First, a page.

Jolly good show

Brüka continues to raise the bar in local theater

Polly Peachum (Amber Edsall) falls into the trap of the dastardly Mack the Knife (Michael Grimm)—but will the tables turn?

Polly Peachum (Amber Edsall) falls into the trap of the dastardly Mack the Knife (Michael Grimm)—but will the tables turn?

Rated 4.0

Let’s clear the air.

Any reviewer runs the risk of seeming biased, and the RN&R’s many good reviews of performances by Brüka Theatre have annoyed more than a few local theater folks. The fact that our movie reviewer, Bob Grimm, has performed with Brüka in the past probably hasn’t helped with appearances; although his professionalism in balancing the two interests is above reproach, people believe what they want to believe.

I kept this all very fresh in my mind when I attended the opening performance of Brüka’s The Threepenny Opera, directed by Mary Bennett. Being as this is my first published review of a Brüka production, I wanted to tread carefully.

But the fact is that Brüka Theatre continually sets and raises the bar for the quality of local theater—that’s why the company constantly gets positive reviews, not because of any bias. Even on opening night, when tensions run high and kinks need working out, Brüka’s efforts are top-notch.

Mary Bennett made a big impression on me as an actress in October’s Little Murders, and I’m even more impressed with her ability as a director here. Bennett has pulled this “beggar’s opera” together in a big way.

A notable twist on the typical production is the use of silent film to begin each act, depicting the romance and betrayal in the relationship of lead characters Macheath (Michael Grimm, Bob’s brother) and Polly Peachum (Amber Edsall). The grainy, blurry, black-and-white clips, accompanied by the jingly music of the early 1900s, cleverly create the mood of the era.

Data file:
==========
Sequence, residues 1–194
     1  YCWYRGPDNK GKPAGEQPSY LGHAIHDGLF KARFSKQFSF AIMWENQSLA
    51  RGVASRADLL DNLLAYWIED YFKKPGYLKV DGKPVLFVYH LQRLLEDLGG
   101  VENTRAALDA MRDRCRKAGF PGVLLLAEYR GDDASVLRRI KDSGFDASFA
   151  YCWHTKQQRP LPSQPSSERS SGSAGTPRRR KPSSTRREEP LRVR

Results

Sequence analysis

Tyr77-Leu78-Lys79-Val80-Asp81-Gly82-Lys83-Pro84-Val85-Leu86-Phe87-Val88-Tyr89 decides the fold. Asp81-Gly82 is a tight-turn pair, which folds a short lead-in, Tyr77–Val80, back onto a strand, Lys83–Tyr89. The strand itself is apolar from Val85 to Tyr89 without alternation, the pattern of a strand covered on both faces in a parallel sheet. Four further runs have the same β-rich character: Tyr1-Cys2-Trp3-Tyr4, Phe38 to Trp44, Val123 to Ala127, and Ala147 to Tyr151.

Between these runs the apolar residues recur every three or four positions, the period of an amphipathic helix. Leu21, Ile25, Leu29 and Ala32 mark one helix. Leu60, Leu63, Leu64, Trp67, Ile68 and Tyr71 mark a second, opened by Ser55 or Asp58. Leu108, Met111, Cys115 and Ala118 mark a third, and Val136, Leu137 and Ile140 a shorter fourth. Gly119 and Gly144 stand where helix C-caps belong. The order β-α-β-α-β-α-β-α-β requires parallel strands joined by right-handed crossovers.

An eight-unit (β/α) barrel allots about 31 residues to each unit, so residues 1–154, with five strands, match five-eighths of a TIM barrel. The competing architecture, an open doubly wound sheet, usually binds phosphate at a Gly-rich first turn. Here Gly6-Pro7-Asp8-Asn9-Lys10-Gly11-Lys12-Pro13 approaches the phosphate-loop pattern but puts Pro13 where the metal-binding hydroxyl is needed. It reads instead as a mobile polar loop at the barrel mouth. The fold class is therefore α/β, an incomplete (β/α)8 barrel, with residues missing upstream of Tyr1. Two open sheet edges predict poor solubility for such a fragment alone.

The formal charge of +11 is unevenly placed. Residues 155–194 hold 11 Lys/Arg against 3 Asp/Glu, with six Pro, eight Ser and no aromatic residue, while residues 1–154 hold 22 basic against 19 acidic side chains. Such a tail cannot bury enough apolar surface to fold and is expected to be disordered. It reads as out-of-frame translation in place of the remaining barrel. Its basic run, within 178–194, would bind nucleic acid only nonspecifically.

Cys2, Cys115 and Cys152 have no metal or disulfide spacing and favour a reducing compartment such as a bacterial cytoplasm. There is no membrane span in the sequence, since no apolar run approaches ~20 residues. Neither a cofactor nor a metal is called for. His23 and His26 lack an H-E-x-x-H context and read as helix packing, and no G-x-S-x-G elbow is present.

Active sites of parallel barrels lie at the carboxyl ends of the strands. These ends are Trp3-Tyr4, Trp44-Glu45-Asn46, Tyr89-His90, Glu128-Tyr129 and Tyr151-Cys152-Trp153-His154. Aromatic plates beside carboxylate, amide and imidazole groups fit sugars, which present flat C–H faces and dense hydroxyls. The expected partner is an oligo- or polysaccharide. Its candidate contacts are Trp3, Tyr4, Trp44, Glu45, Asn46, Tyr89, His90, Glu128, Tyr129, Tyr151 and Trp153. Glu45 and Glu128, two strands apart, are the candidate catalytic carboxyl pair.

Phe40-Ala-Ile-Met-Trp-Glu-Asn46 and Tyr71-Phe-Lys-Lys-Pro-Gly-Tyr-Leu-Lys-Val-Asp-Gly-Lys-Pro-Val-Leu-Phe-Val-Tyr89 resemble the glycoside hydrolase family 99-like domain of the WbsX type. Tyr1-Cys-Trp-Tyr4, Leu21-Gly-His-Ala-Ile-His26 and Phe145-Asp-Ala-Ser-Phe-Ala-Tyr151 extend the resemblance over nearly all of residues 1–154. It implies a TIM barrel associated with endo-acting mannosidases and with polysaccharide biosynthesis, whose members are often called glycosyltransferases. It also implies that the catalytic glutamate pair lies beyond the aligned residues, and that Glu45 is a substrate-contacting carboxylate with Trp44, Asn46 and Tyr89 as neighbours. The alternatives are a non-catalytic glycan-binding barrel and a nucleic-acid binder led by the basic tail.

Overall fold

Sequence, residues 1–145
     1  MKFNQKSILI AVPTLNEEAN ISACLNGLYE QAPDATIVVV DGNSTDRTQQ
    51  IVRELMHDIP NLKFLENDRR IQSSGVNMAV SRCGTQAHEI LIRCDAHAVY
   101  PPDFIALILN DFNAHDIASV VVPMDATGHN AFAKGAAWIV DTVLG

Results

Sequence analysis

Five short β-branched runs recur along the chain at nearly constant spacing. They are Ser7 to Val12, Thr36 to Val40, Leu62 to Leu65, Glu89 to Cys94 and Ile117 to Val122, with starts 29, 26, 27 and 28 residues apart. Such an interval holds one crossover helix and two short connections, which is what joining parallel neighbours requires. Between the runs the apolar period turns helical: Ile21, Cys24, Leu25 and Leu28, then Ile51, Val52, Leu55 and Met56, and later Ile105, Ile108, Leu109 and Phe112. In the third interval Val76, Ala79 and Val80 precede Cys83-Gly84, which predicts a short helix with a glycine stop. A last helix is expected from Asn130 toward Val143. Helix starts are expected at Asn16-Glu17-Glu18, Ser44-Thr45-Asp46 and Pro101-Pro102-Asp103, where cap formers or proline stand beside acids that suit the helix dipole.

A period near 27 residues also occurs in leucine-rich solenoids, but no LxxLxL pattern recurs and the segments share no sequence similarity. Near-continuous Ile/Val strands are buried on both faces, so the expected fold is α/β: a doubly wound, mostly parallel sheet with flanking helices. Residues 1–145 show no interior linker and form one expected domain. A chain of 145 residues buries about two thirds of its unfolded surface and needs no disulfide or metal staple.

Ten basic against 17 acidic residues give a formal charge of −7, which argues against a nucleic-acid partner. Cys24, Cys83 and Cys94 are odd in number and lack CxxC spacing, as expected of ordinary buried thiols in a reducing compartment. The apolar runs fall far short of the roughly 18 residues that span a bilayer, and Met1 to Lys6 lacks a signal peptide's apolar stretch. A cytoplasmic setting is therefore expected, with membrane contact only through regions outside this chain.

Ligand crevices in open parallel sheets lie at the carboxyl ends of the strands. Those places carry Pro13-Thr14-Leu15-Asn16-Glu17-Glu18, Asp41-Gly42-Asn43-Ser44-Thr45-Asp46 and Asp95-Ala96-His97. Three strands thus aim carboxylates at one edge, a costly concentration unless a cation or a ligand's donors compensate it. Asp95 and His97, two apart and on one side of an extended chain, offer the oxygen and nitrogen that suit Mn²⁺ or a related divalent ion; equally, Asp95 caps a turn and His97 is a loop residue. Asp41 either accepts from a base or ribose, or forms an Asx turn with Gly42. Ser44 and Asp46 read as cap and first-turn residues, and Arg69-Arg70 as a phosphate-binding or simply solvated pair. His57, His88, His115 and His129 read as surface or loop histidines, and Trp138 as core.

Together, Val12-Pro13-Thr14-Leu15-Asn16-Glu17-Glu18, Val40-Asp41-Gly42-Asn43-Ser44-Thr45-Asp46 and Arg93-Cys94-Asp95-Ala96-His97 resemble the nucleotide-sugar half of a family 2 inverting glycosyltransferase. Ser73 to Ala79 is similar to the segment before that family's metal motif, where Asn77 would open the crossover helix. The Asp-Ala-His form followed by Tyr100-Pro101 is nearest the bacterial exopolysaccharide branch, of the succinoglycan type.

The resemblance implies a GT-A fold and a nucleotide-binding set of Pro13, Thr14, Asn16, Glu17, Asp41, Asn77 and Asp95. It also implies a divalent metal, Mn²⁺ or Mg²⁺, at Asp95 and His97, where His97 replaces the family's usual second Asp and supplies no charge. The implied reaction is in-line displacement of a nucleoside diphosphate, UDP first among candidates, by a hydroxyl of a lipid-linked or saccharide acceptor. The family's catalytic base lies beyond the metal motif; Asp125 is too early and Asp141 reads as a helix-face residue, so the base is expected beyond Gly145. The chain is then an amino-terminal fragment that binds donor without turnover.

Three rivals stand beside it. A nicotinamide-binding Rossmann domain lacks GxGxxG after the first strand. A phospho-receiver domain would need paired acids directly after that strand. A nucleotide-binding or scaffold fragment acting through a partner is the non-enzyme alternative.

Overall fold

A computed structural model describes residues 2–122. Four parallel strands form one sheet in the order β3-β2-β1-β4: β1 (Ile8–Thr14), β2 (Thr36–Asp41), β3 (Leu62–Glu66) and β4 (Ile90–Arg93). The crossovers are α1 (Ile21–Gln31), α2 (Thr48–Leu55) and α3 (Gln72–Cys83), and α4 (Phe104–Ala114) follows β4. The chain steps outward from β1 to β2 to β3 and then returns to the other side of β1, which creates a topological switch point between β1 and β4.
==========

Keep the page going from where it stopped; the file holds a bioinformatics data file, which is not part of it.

As the classic anti-hero Macheath—otherwise known as Mack the Knife—Michael Grimm just plain rocks. With his black cape, top hat and cane, Grimm looks every bit the elegant crime lord, and his singing voice is powerful and expressive. His biggest asset is his “plastic” face; Grimm punctuates his performance with arching eyebrows and crooked smiles, making his cartoonish villain a delight to watch.

Other standout performances include Rachael Lewis as Jenny, a whore and former lover of Mack, and Tom DeWester as J.J. Peachum, Polly’s father and “big brother of the beggars.” Both have quite a set of lungs on them, but in different and equally successful ways; DeWester’s voice is technically commanding, while Lewis’ grabs your attention with smoky growls and raw, piercing wails.

I particularly enjoyed Scott Dundas’ minor role as Filch, a wide-eyed, stuttering beggar who hasn’t yet mastered the tricks of the trade. Whenever he walked out on stage, looking progressively more miserable and downtrodden, he generated instant laughs from the crowd.

Even the performances that weren’t standouts served their purposes well, and no one performance struck me as being sub-par. In a cast of roughly 20 people, that’s quite a feat.

I’d be remiss if I didn’t compliment Lady Hull on excellent costuming, or Bill Quinby and his orchestra for musical accompaniment. While the set was a little plain for my tastes, it was functional for the variety of settings needed, and well-chosen props livened up the stage.

A small complaint: After the second 10-minute intermission, I began to wonder if the play would ever end—a case of "too much of a good thing." But I’ve been assured that by the end of a five-week run, Brüka tends to tighten up, and the productions only get better. As good as it is already, theatergoers in the next few weeks should be in for a real treat.